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"Cognitive training"

Mariachiara Buonocore, Margherita Bechi, Paola Uberti, Marco Spangaro, Federica Cocchi, Carmelo Guglielmino, Laura Bianchi, Antonella Rita Mastromatteo, Marta Bosia, Roberto Cavallaro
OBJECTIVES: Cognitive reserve (CR), defined as individual differences in the ability to cope with brain damage, seem to be associated to the several psychopathological features in psychiatric patients, such as the functional outcome. This study aims to identify different profiles of CR by combining intelligence quotient (IQ) and premorbid functioning, two measures independently associated to CR in previous works, as well as to explore CR effect on both Theory of Mind (ToM) baseline performance and improvement after socio-cognitive trainings...
March 20, 2018: Journal of the International Neuropsychological Society: JINS
Uros Marusic, Sidney Grosprêtre
Normal and pathological ageing are associated with several motor impairments that reduce quality of life and represent a general challenge for public healthcare systems. Consequently, over the past decades, many scientists and physiotherapists dedicated their research to the development and improvement of safe and costless methods to counteract the progressive decline of motor functions with age. The urgency of finding new and easy to implement methods is even more paramount in case of acute pathologies (e...
March 20, 2018: European Journal of Sport Science
Katina Swan, Marie Hopper, Rachel Wenke, Claire Jackson, Tracy Till, Erin Conway
Purpose: The purpose of this study is to evaluate the evidence for direct and indirect interventions for communication in people with moderate-severe dementia. Method: A systematic search of the literature was conducted, as per the Preferred Reporting Items for Systematic Reviews and Meta-Analysed guidelines, across 8 electronic databases. Studies were included if they included direct or indirect interventions, which could be administered by a speech-language pathologist to people with moderate-severe dementia (defined as having Mini-Mental State Examination of ≤ 15; Folstein, Folstein, & McHugh, 1975)...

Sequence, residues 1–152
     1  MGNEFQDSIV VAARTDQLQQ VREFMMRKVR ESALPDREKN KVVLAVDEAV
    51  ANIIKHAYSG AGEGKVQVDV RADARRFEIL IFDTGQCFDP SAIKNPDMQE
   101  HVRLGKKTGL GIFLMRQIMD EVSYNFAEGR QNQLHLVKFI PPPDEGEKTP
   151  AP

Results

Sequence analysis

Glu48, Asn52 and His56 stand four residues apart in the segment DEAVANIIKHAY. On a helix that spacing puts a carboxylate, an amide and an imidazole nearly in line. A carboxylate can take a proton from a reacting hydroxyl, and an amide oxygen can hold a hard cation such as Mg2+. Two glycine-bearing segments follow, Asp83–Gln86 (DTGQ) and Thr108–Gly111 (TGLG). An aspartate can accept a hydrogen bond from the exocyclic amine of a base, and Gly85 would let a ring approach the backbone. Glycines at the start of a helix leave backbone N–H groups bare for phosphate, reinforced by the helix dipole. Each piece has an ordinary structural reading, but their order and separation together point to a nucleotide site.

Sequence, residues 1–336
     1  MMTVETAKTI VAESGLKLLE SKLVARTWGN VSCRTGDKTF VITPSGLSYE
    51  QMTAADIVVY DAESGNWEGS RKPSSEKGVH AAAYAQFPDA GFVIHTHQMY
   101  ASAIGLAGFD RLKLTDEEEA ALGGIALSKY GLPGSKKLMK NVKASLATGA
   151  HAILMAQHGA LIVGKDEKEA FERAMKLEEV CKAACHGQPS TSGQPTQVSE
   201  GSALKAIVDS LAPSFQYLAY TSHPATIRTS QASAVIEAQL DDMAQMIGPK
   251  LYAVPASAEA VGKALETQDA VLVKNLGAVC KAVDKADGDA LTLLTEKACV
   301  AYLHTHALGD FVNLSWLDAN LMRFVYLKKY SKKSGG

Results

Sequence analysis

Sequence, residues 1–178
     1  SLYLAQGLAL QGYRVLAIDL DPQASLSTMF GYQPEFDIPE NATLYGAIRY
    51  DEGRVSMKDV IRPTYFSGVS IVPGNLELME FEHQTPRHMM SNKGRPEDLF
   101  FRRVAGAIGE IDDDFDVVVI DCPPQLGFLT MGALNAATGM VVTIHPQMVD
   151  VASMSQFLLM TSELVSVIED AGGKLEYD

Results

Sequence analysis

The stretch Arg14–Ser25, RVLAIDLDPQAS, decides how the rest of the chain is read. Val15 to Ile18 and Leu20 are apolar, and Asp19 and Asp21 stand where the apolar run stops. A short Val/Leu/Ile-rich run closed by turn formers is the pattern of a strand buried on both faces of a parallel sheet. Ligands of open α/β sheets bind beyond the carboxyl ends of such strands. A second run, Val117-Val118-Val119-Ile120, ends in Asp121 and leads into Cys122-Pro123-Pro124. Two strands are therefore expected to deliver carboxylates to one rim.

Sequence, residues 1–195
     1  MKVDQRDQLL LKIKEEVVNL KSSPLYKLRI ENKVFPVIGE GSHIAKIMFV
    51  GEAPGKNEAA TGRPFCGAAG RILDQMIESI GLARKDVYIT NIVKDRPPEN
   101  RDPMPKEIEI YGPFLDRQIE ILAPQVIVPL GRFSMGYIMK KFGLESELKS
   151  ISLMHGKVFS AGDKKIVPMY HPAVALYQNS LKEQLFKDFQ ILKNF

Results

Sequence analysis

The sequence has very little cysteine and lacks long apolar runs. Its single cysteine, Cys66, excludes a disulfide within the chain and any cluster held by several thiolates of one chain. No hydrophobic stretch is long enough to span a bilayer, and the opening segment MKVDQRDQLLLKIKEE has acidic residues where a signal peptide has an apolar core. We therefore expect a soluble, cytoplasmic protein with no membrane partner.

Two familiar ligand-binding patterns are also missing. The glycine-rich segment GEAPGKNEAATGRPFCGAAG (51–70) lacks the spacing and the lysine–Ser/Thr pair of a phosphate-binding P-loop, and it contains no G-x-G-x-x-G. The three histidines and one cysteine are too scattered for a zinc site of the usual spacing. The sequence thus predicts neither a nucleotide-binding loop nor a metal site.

March 19, 2018: American Journal of Speech-language Pathology
Susanne M Jaeggi, Julia Karbach, Tilo Strobach
No abstract text is available yet for this article.
December 2017: Journal of Cognitive Enhancement
Bernadette A Fausto, Adrian N S Badana, Olivia M Valdes, Ponrathi Athilingam, Jerri D Edwards
Cognitive dysfunction is a predictor of driving cessation in older adults and a common sequela of heart failure (HF). Although HF has been associated with an increased risk of driving cessation, the independent relationship between HF and driving cessation after cognitive function is considered remains to be established. The objective of these analyses is to examine HF as an independent predictor of driving cessation across three years among a cohort of older drivers in the United States. Analyses included 850 older adults who completed sensory, cognitive, and physical measures at baseline and mobility and health measures at a three-year follow-up...
December 2017: Journal of Transport & Health
Tina D Kristensen, Rene C W Mandl, Jens R M Jepsen, Egill Rostrup, Louise B Glenthøj, Merete Nordentoft, Birte Y Glenthøj, Bjørn H Ebdrup
OBJECTIVE: Neuroplasticity is a well-described phenomenon, but effects of non-pharmacological interventions on white matter (WM) are unclear. Here we review associations between active non-pharmacological interventions and WM organization in healthy subjects and in psychiatric patients. METHOD: A systematic review of non-psychiatric and psychiatric studies in MEDLINE and EMBASE databases. We included longitudinal, controlled studies in human participants aged 18-60 years published in peer-reviewed journals between 2000 and 2017...
March 14, 2018: Neuroscience and Biobehavioral Reviews
Inbal Maidan, Freek Nieuwhof, Hagar Bernad-Elazari, Bastiaan R Bloem, Nir Giladi, Jeffrey M Hausdorff, Jurgen A H R Claassen, Anat Mirelman
BACKGROUND: In a randomized control trial conducted in patients with Parkinson's disease, a treadmill training program combined with virtual reality that targeted motor and cognitive aspects of safe ambulation led to fewer falls, compared with treadmill training alone. OBJECTIVE: To investigate if the 2 types of training differentially affected prefrontal activation and if this might explain differences in fall rates after the intervention. METHODS: Sixty-four patients with Parkinson's disease were randomized into the treadmill training arm (n = 34, mean age 73...